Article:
Both Friend and Foe,
B. Thomas Cooper
The human voice is a unique and complex musical instrument. It is my principle instrument, and one I have spent years learning to master. Although I play many instruments, it was always my voice people wanted hear. Try as I might to establish myself as a respectable instrumentalist, there was always someone with better guitar chops, but a strong vocalist was and remains a rare commodity.
I love to sing. I cannot calculate how many hours I have spent singing. I sing on stage, I sing in the studio, rehearsal and yes, sometimes I sing in the shower. (try that with your electric guitar). It seems obvious then that I would want to learn everything available about my instrument and my craft, don't you agree?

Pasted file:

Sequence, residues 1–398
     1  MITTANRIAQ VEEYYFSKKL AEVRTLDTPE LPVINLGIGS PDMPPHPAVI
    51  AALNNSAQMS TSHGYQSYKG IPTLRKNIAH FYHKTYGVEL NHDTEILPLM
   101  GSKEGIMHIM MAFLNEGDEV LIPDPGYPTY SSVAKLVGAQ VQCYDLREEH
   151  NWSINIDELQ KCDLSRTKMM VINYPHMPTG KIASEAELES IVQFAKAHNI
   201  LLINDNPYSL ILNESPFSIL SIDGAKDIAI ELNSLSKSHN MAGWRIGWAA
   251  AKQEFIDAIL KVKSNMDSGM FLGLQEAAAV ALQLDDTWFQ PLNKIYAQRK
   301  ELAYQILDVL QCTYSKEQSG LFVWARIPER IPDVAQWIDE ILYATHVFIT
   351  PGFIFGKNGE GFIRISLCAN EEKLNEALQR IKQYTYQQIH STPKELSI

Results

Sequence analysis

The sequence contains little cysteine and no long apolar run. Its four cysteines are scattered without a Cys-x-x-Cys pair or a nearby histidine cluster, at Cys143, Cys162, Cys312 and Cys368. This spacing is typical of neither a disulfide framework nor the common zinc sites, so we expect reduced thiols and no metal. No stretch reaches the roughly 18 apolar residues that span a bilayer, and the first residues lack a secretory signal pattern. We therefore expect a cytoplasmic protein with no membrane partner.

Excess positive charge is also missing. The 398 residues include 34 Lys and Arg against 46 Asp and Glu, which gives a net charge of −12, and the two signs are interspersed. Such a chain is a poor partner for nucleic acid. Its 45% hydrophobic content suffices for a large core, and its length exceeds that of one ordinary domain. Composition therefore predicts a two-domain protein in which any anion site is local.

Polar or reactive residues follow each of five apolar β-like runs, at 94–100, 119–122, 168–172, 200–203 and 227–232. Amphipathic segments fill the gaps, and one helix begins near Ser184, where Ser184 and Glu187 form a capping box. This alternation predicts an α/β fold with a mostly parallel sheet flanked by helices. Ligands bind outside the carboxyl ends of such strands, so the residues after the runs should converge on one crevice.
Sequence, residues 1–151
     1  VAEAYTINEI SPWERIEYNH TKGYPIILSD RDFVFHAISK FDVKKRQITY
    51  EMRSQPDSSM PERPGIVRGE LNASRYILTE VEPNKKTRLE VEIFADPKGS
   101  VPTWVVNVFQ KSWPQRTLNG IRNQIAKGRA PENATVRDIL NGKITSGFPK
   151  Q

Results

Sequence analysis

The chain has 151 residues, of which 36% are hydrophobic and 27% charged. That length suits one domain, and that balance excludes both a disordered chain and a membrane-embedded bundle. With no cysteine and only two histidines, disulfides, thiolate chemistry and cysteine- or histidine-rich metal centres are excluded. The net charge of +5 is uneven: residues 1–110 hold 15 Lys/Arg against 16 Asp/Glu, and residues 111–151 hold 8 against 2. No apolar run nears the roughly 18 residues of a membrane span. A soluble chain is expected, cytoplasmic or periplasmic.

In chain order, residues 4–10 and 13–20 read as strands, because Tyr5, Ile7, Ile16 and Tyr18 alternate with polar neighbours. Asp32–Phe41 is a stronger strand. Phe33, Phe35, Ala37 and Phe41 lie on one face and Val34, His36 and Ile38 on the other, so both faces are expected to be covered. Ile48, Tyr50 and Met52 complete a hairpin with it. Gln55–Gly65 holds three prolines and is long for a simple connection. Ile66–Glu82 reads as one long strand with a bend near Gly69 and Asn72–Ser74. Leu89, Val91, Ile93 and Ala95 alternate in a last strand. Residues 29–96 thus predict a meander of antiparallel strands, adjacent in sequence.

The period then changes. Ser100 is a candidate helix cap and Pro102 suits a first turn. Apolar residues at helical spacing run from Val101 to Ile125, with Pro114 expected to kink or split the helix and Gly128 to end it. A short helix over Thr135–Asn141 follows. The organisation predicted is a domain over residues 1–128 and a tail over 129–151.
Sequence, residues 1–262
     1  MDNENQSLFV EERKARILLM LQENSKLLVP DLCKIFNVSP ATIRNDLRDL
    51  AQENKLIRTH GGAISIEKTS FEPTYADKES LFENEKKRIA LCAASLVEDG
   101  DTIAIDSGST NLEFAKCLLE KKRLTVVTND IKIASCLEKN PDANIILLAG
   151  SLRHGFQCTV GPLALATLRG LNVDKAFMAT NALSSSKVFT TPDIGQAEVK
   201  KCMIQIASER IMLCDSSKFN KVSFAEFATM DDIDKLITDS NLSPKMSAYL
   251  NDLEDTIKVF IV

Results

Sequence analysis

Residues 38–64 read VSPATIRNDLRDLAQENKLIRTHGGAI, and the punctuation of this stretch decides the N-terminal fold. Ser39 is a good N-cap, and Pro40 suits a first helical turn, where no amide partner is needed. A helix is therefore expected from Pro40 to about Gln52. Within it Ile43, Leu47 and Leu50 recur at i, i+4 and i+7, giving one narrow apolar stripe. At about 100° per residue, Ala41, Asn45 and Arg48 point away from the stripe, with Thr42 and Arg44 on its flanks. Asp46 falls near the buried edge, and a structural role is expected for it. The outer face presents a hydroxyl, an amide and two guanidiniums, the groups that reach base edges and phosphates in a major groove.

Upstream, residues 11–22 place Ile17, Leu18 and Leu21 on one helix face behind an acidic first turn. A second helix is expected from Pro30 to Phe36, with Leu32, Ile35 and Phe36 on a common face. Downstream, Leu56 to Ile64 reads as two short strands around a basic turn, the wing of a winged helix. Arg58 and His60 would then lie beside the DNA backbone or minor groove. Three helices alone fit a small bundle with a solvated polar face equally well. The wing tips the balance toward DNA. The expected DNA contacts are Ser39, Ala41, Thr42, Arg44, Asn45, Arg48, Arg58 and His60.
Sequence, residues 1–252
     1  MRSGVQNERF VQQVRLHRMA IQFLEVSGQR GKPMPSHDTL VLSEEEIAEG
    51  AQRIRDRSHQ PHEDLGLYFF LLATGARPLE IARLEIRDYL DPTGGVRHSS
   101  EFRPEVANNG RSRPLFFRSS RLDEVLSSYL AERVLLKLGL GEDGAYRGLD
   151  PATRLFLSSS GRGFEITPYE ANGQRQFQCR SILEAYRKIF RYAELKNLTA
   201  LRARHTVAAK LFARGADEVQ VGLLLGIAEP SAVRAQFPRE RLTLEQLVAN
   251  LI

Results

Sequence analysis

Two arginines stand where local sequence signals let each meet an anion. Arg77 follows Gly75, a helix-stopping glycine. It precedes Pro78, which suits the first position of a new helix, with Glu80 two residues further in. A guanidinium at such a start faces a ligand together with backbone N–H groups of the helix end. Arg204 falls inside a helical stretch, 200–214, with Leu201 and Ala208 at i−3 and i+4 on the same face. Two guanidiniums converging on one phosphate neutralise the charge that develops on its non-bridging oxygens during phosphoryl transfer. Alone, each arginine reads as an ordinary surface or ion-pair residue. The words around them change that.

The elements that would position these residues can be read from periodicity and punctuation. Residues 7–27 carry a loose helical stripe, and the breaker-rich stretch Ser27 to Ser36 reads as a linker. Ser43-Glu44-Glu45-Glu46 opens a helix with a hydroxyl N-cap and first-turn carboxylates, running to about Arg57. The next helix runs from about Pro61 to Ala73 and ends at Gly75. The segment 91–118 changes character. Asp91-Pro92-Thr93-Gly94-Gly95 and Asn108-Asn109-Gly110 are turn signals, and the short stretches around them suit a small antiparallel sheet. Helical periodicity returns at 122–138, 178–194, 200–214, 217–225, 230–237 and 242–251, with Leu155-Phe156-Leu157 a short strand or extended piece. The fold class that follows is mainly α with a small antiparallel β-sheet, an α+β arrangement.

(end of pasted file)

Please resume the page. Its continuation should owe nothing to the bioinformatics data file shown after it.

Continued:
Sadly, many young singers overlook the value of learning more about themselves. Many singers, especially those in the rock or punk genres, fear such information will somehow taint the authenticity of their art form. Oh contraire, ye of bruised larynx. In the event your new snare drum should take a nasty fall down a flight of stairs, it can usually be replaced with little difficulty. Your voice, on the other hand, cannot be replaced so easily.
Damage your throat and you risk your dream.
Don't think I'm not aware of the nerd quotient. I realize how ridiculous those ads look, the ones touting vocal technique. I get queasy every time I see one. Here's my advise get over it.
Mozart took piano lessons and Michelangelo took drawing lessons. There are no good reasons why a singer shouldn't seek out professional vocal training. I can't stress how important this is to anyone considering a career as a singer.
Skate the Razor